Celebrating communion should be one of your greatest small-setting strengths. It calls for hands-on, everyone’s-invited, full-body-contact participation. Your worship superpowers!
Here are the seven communion practices I see shared by vibrant small congregations.
1. They celebrate communion more often and in more settings.
The popular praise-worship format has edged out communion practices. It’s simply an issue of efficiency for big settings. It’s easier to manage crowds when worshipers become passive observers who largely stay in one spot. But small settings don’t have this same dilemma. They can return to messy Early Church practices. Frequent shared sacrament. Regular encounters with this sacred mystery. Not just monthly or periodically. And not just relegated to Sunday mornings. Our sacrament can be celebrated in meetings, retreats, workdays, and visits.
It’s an intriguing paradox of faith. The more we practice something, the more it can mean for us. And the meaning of our sacrament will never be exhausted. So practice communion more.
2. They make workers out of the worshipers.
Worshipers of all ages and abilities can be invited to set the table and serve. During the beginning of worship, lay out the altar/table cloths and communion elements. Recruit new folks. Let worshipers prepare the table–even using treasured dishes from home. Teach them how to serve each other. Remember, hands-on work is deeply forming. Contributing to an event actually grows our love for it. Remember the IKEA Effect (blog Sept. 14, 2021)? Treat worshipers like priceless collaborators. Like God does.
3. They go local and lavish.
The good news speaks to each community specifically, not just everyone generally. So find the best particular gifts of your community. Go local. Maybe that means recruiting a neighbor’s baking skills. Or sharing the same bread as the local food pantry. Then go lavish. Set a table that says for your community, “Welcome, Precious Guests!” not “Ready for a quick TV dinner?”
4. They put the “reading” away.
The communion liturgy is less like a formal monologue. And more like a sharing among intimates. Vibrant small congregations put the books down. And even turn off the screens. They let the liturgy become an interaction. An experience. When we recognize the body of Christ among us, it’s an encounter. Not a demonstration.
How to deepen the sense of encounter? Some pastors memorize the liturgy, then adapt it thematically each week–and for each group of worshipers. (Yes, you can do it! It’s easier than you think.) Some craft Eucharistic prayers alongside their sermons. Some sing the liturgy using one of many easy-to-learn resources. Some use call-and-response resources that invite worshipers to simply repeat a phrase, so everyone can be fully present without books or screens.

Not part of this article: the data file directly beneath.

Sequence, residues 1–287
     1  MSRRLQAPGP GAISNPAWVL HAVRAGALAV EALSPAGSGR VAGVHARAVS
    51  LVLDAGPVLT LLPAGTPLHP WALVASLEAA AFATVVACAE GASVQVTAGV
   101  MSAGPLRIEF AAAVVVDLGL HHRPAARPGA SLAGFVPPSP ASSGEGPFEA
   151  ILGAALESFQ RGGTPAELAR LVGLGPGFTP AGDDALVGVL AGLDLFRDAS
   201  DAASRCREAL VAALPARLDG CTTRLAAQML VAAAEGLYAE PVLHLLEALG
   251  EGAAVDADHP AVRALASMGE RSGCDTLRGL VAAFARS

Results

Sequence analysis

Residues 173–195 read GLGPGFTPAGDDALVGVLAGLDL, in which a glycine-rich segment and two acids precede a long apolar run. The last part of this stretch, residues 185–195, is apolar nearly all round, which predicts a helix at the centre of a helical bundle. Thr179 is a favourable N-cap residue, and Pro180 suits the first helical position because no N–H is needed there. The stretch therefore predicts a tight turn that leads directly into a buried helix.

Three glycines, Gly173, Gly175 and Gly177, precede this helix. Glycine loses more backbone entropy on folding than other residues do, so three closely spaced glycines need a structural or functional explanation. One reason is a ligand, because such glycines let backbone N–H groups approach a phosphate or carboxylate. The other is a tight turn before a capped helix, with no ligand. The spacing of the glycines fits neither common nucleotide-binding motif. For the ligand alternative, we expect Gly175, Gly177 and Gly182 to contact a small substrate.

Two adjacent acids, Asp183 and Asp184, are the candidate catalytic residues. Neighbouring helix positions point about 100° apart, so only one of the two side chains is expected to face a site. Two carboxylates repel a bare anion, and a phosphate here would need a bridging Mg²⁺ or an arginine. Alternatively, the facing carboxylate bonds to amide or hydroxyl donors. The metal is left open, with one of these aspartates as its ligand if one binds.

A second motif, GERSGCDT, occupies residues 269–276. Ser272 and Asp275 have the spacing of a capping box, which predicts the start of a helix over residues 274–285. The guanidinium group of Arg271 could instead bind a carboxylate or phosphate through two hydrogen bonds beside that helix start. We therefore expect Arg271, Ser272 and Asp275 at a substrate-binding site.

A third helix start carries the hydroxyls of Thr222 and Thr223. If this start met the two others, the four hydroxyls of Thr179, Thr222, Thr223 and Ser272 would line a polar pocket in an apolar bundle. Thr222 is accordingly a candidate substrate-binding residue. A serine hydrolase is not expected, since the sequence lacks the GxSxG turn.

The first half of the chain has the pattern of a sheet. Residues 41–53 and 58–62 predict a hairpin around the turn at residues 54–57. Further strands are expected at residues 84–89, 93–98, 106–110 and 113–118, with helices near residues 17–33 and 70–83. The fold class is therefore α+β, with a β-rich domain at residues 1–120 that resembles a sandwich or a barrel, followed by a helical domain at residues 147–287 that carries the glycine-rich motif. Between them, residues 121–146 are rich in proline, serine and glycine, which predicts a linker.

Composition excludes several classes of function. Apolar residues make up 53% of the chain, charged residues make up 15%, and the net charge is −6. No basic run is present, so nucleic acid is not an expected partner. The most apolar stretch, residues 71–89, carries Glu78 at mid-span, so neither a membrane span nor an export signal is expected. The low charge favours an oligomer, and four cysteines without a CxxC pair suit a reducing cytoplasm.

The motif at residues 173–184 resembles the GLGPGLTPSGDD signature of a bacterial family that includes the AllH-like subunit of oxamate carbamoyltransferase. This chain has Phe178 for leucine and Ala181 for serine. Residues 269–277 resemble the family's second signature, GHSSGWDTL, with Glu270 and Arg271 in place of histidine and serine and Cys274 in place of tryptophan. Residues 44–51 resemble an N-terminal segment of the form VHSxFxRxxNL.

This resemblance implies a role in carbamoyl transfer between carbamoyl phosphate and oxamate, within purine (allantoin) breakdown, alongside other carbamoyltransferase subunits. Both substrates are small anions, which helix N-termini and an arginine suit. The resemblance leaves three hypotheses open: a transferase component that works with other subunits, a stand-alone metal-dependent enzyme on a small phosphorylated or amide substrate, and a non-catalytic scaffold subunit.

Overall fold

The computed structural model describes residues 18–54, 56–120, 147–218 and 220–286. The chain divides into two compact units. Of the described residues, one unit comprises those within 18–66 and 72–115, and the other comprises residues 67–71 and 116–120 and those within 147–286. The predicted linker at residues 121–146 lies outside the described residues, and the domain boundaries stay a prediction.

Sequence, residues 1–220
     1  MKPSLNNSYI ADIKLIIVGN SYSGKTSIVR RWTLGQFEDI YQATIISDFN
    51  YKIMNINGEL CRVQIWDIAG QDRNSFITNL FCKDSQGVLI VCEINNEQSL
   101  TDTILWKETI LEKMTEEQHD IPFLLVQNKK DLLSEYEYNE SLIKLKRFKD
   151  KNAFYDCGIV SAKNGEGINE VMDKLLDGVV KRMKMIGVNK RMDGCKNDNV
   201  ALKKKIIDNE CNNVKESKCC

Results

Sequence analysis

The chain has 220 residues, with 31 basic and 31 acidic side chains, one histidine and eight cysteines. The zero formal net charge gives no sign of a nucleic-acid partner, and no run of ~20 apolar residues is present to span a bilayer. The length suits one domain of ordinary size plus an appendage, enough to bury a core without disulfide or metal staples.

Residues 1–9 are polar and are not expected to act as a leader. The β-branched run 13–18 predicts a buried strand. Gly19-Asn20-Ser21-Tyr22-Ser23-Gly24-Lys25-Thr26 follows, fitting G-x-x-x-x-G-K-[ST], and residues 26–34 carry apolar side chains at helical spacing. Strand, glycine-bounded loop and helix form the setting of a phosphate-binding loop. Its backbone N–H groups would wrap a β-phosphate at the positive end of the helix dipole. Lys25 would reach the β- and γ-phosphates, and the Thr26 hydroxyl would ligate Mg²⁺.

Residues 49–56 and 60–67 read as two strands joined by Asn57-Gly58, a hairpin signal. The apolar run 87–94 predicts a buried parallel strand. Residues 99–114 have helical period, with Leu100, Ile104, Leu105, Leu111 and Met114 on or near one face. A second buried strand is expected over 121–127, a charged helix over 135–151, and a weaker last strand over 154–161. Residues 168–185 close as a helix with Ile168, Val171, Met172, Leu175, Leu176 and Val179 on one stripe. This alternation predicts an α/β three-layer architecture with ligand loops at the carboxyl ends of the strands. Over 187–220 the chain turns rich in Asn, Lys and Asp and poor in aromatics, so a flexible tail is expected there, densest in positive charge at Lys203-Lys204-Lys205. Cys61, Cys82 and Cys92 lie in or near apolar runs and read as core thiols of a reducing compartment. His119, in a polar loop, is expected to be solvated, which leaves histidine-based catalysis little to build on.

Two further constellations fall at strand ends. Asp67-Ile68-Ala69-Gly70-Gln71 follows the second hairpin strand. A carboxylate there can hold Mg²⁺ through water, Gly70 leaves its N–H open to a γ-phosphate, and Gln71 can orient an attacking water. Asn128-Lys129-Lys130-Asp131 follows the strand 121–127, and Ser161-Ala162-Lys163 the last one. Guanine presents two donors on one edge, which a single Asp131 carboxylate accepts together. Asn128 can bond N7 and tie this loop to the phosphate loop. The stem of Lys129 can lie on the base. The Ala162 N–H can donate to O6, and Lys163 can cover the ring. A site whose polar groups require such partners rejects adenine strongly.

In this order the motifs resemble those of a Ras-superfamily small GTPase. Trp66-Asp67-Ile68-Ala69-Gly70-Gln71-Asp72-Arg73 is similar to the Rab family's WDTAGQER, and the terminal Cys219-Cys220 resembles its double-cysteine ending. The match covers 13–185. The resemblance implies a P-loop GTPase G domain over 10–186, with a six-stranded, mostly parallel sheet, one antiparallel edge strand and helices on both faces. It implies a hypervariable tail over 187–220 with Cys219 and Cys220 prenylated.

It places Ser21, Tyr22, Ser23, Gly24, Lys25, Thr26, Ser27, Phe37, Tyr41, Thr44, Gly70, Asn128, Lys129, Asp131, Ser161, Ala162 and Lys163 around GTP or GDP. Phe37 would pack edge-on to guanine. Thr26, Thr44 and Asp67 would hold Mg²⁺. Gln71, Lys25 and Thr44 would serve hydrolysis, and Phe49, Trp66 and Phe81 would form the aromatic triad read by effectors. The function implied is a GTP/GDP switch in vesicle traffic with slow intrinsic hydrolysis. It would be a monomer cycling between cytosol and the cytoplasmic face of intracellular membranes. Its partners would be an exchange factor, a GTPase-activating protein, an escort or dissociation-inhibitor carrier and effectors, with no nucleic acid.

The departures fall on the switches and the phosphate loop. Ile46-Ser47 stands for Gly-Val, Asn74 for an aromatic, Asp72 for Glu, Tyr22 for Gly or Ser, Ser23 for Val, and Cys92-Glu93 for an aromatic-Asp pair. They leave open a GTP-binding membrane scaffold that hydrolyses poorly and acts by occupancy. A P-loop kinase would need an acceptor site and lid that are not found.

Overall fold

Expert resources are not required. Check out this powerful example from the Arkansas Annual Conference. It leads with the simplicity of a familiar hymn and an unadorned human voice. No band required.
5. They highlight and depend on lay leadership.
The whole Church is reawakening to the importance of lay leadership. In the Christian tradition, laity are not pew-fillers. They are essential ministers for the mission of the Church. And small congregations can help reclaim this identity. Within the wisdom of your denomination/tradition, include laity more fully. With planning, preparing, offering, singing, serving. . . .
6. They knock down the walls separating the fellowship hall and the sanctuary.
Okay, not literally. Just know that fellowship halls and sanctuaries belong together. For the Early Church, worship was not a pew-and-pulpit event. It was a table-gathering event. The earliest Christians gathered to talk and eat together. The entire messy meal interaction was worship– and communion!
So bring your sanctuary practices to the fellowship hall sometimes. Or bring your fellowship hall to the sanctuary. Small congregations can encourage the kinds of potlucks and after-worship gatherings that continue the communion. Singing, praying, visiting, and eating really do belong together.
7. They celebrate like a joyful potluck, not like a somber funeral.
Remember, the resurrection wins. Completely. The Early Church didn’t gather to mourn. The people gathered in the great joy of a profound, loving, life-changing mystery. Celebrate the win! What are the markers of gratitude and celebration in your community? Include them.
What lavish practices have worked in your small-setting worship? Share them with me at Teresa@SmallChurch.org.
Thanks for your ministries,